Venturing into the world is often seen as a rite of passage, whether it’s leaving the family home or moving to a different continent. For MacArthur Genius Grant recipient and award-winning author Chimamanda Ngozi Adichie, leaving her home country of Nigeria to live in the United States, and traveling around the world to promote her books, began a journey to find herself. Whether a sense of wanderlust is inherent in us or not, exploring beyond the life we know, filled with familiar people, is one path to discovering who we really are — which elements of our cultural identity fit and which we prefer to leave behind. As Adichie observed, it’s the journey that helps us find who we are, and discover where home really is.

Angie #936621 07/16/22 02:31 PM
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Only if we understand can we care. Only if we care will we help.

Jane Goodall

In 1960, primatologist Jane Goodall went into the Tanzanian jungle to observe the chimpanzee community in Gombe Stream National Park. Day after day she sat quietly among the animals, and eventually she observed the chimpanzees using tools, a discovery that changed the way we think about primates. After reading her findings, her mentor, paleoanthropologist Louis Leakey, famously said, "We must now redefine tool, redefine man, or accept chimpanzees as human." The more Goodall learned about the chimpanzees, the more concerned she became for their survival. In 1997, she established the Jane Goodall Institute and began educating people about other primates. Now in her 80s, she travels 300 days a year speaking on behalf of chimpanzees and working tirelessly to help preserve their populations.

Angie #936627 07/17/22 01:58 PM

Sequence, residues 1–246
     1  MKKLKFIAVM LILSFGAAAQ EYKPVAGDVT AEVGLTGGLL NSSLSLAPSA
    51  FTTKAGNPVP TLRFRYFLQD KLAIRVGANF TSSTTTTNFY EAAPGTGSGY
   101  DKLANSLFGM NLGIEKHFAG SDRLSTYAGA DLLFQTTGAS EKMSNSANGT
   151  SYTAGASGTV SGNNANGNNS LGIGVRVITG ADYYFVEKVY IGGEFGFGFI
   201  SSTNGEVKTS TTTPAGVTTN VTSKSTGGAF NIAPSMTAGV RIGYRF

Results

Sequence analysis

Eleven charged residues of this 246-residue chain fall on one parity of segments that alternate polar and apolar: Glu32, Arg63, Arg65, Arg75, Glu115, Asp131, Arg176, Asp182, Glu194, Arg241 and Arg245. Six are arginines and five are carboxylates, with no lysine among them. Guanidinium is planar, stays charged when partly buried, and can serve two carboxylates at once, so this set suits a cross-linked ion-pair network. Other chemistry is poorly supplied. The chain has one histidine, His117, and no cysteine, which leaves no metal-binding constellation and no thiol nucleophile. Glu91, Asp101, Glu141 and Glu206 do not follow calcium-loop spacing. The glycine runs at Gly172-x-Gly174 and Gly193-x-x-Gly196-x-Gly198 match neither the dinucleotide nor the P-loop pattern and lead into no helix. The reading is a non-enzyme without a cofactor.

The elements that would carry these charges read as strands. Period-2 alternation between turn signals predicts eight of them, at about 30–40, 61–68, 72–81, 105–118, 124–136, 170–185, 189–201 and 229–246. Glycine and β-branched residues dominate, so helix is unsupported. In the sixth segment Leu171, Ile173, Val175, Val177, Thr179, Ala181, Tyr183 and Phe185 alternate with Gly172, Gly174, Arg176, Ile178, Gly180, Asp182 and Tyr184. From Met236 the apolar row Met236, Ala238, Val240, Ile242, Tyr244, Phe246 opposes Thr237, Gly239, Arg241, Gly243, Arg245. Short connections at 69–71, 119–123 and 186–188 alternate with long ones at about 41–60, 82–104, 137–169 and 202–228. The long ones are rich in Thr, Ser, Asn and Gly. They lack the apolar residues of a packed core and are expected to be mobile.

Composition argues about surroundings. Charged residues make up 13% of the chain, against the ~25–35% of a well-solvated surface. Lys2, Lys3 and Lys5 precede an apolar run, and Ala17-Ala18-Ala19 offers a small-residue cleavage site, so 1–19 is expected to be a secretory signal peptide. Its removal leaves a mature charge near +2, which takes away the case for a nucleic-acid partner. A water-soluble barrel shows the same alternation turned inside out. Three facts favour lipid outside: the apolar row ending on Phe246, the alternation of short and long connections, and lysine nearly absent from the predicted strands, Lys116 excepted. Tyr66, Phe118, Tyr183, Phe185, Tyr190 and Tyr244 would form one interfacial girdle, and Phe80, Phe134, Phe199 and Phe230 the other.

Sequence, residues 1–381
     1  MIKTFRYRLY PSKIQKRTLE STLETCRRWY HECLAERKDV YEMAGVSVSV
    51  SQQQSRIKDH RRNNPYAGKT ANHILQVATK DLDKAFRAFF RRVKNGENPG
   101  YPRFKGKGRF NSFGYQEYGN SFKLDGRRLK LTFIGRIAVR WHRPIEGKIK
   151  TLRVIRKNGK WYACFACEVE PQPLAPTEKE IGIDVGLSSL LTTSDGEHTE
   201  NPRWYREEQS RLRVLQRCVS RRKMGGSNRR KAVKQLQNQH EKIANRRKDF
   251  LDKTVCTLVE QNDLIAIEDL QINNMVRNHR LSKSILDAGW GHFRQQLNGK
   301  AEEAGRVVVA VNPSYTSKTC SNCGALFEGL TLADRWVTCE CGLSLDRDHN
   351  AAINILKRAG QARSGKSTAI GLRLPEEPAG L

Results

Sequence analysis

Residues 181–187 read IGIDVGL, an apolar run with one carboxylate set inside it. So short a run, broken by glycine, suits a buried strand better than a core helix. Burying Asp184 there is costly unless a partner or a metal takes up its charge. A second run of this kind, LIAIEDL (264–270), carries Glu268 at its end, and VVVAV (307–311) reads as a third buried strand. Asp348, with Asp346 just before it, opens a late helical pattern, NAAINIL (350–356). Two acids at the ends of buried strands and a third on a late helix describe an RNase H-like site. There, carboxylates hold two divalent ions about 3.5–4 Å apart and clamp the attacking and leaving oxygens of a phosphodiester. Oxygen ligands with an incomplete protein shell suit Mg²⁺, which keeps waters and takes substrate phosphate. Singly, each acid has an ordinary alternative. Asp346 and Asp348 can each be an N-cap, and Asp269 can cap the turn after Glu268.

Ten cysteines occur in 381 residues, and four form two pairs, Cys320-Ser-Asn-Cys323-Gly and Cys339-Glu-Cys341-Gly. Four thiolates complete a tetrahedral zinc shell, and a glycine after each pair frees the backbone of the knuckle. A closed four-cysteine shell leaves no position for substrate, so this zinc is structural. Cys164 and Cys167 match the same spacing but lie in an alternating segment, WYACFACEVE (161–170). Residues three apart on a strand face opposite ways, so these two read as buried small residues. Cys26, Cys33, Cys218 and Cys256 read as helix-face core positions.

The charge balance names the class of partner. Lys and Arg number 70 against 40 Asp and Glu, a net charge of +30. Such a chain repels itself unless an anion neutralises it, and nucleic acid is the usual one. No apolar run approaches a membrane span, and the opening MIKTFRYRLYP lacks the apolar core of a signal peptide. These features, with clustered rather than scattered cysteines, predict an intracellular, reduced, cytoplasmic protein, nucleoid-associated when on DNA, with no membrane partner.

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Stop making excuses; you're the only one stopping you.

Issa Rae

For every great idea, there are a hundred reasons not to do it — if we let ourselves come up with them. For Issa Rae, the creator, writer, and star of the HBO series “Insecure,” finding her creative voice meant not making excuses. It’s easy to procrastinate, doubt, or find reasons to not chase our dreams, in any part of our lives. Rae’s words here remind us that success often follows once we get out of our own way, and instead of talking ourselves out of something difficult, find a reason to do it.

Angie #936634 07/19/22 02:34 PM
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The blizzard doesn't last forever; it just seems so.

Ray Bradbury

Snoopy, from the “Peanuts” comic strip, had a love-hate relationship with his typewriter. When science fiction author Ray Bradbury was asked to write an essay inspired by a Snoopy comic in 2012, he felt that conflicted relationship with the written word deep in his heart. Bradbury penned an essay about the flurries of rejections he received while trying to get his stories published, and then the breakthrough in his 40s when things started working out. He encouraged Snoopy to stay strong — though it seems like problems last forever, they will eventually subside, and we will come out the other side.